China-EU BIT a model for Beijing-Ottawa ties
Published: Jan 18, 2021 07:18 PM

Canada's choice Illustration: Tang Tengfei/GT

China's emergence as the world's only major economy with a positive economic growth amid the global pandemic is a strong incentive for the EU and other countries eager to get out of the economic slump.

China and the European Union (EU) jointly announced the completion of negotiations on the China-EU bilateral investment treaty (BIT) as scheduled on December 30, 2020. Despite objections from the US, the EU went on to strike a deal with China. 

Canada, a member of the Five Eyes alliance, has yet to take a public position on this agreement. In fact, the China-EU BIT will have a great impact on Canada's policy toward the US and China. Therefore, Canada should draw lessons from the progress of the BIT to set a wise and proper course to reshape its relationship with China.

Currently, China has further removed major barriers to market access for EU investment in China, including obligations to prohibit forced technology transfer, rules for full transparency on subsidy claims, and commitments related to sustainable development. The agreement has become the cornerstone of economic relations between China and Europe. It also provides a major model for Canada to emulate.

Another reason why Europe was eager to strike a deal with China is that the US is no longer a reliable partner. 

The extreme protectionism of the US has discouraged its allies. While targeting those so-called US rivals like China with sanctions, the Trump administration also slapped tariffs on the products of its allies including Canada, France and Germany. 

Though the incoming Biden administration says it will restore the relationship with its allies, it's still unclear how that will happen. 

Thus, the EU believes that even a Biden administration will not be able to fundamentally repair their relationship. 

In response to the appeals of Rust Belt states, Biden is anticipated to continue with protectionist policies, albeit in a different way from Trump.

Canada now is facing many challenges. 

One challenge comes from the US' stepped-up pressure on Canada. With Huawei CFO Meng Wanzhou's arrest as a sign, the US has asked Canada to follow its China policy much closer, forcing it to take sides on a range of issues, from Huawei's 5G to the Xinjiang question. 

The second challenge is the deteriorating relationship between China and Canada. 

Since Meng's case, there have been many trade frictions between China and Canada. Canada interfered in China's internal affairs over issues such as Xinjiang and Hong Kong, and sent warships to the Taiwan Straits to provoke. Bilateral relations then have fallen to their lowest point since the establishment of diplomatic ties between the two countries.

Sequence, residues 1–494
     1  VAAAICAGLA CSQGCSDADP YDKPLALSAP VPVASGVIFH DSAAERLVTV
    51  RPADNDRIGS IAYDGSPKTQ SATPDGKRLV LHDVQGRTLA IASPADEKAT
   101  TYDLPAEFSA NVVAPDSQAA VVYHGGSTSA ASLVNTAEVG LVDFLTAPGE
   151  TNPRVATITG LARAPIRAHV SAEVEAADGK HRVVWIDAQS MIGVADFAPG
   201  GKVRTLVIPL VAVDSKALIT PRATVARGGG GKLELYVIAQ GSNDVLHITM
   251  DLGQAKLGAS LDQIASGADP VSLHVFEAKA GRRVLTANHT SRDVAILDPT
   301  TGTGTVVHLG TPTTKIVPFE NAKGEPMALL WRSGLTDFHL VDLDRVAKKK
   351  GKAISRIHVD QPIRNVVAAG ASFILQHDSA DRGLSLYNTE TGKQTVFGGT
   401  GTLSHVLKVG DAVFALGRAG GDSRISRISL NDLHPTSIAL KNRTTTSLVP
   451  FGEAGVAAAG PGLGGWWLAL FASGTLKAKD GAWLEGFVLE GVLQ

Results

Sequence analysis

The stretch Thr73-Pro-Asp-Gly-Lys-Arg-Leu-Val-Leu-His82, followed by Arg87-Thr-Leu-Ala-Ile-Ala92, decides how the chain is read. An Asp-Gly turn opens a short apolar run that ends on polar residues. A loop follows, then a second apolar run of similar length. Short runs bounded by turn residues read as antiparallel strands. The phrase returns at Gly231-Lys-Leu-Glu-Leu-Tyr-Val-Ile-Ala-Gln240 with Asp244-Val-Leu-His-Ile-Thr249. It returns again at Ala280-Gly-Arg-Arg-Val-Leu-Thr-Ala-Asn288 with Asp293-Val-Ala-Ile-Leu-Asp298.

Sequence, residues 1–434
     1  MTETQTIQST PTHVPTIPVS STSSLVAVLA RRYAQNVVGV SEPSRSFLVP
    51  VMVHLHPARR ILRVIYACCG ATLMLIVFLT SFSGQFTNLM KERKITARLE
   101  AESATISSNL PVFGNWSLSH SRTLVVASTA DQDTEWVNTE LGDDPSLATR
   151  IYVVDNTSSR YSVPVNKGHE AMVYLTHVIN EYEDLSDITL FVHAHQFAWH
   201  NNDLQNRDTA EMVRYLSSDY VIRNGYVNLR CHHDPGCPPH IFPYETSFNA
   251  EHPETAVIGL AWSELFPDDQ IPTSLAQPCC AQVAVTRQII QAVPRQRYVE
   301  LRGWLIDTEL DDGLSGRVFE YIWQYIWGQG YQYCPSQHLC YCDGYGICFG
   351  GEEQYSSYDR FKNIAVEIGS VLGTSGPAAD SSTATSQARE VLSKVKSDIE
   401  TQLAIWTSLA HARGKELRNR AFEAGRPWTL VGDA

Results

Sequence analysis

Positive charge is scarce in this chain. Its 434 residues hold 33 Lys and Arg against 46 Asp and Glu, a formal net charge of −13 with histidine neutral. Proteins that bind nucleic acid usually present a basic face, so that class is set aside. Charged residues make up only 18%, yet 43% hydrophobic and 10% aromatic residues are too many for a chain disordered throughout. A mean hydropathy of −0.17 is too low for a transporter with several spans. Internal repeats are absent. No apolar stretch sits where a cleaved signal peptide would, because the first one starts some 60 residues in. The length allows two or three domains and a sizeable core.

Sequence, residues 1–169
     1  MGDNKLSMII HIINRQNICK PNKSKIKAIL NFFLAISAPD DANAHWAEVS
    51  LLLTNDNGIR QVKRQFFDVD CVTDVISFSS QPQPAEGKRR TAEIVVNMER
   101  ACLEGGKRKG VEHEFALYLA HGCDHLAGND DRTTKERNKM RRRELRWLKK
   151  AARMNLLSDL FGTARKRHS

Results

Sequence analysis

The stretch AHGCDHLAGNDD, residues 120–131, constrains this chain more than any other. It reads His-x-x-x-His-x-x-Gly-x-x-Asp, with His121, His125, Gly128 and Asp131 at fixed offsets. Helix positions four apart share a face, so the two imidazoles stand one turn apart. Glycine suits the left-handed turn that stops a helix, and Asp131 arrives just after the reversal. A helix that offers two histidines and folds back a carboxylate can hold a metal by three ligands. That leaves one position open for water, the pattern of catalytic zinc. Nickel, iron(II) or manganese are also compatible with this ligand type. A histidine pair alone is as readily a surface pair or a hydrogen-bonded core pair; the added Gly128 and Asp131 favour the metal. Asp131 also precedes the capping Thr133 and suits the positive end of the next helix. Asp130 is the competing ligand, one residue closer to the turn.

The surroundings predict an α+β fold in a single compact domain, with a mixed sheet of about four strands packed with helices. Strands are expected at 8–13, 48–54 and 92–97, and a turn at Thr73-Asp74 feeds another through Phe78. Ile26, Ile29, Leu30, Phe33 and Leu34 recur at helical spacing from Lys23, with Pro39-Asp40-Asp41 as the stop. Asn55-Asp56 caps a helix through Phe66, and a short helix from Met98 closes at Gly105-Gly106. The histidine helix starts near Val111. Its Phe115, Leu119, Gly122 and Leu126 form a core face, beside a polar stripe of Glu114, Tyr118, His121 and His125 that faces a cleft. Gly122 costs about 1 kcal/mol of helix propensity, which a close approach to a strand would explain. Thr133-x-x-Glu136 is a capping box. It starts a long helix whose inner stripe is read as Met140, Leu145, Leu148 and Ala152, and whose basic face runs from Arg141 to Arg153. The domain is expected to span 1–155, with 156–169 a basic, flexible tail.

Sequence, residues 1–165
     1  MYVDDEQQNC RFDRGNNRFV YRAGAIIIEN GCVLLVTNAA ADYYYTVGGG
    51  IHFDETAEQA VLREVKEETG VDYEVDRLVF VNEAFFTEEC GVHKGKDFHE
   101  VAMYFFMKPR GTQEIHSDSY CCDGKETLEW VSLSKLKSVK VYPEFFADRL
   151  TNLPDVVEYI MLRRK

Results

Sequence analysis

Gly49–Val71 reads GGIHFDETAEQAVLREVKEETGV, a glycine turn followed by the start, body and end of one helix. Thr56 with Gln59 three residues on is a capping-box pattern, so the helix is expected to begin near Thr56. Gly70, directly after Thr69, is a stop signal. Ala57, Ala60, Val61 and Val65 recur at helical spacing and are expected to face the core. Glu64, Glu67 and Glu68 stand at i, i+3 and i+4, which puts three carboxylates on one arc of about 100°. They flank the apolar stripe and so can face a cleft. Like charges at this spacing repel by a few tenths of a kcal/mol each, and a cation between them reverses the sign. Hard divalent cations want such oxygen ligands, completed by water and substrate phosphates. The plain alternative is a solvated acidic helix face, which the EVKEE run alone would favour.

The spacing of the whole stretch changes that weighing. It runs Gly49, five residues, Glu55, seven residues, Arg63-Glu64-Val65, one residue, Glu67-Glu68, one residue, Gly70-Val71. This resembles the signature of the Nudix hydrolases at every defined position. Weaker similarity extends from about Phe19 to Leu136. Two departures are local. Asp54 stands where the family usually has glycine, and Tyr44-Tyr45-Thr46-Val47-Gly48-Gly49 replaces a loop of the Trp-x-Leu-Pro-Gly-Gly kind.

The third challenge comes from the transformation of the economic and trade relationship between the US and Canada. Thousands of oil wells in Canada's western provinces have been shut down in recent years due to the lack of demand as the US pushes for energy independence; at the same time more and more US companies are looking to Mexico for investment.

As a result, stabilizing the relationship between China and Canada is an inevitable choice for Canada to safeguard its diplomatic independence and national interests, and respond to the economic and trade structural transformation with its southern neighbor. 

In the time of economic recovery, China has proven to be an attractive choice both in terms of trade and investment. Canada's exports to China grew by more than 4 percent in the first three quarters of 2020, with iron ore up by 97 percent and pork up by 165 percent, which shows the complementarity and potential of the trade structure between China and Canada.

The two countries were important economic and trade partners before Meng's arrest. Since the establishment of the strategic partnership in 2005, the economic and trade cooperation between the two countries has entered the stage of all-round cooperation. Their trade has gradually developed from the single trade of goods to all-round, cross-field, and diversified economic and technological cooperation. 

These sound foundations, if the Meng case can be properly handled, will provide a steady boost to trade, investment and cooperation between China and Canada.

The author is a researcher of the Center for Canadian Studies of Guangzhou Institute of Foreign Languages. opinion@globaltimes.com.cn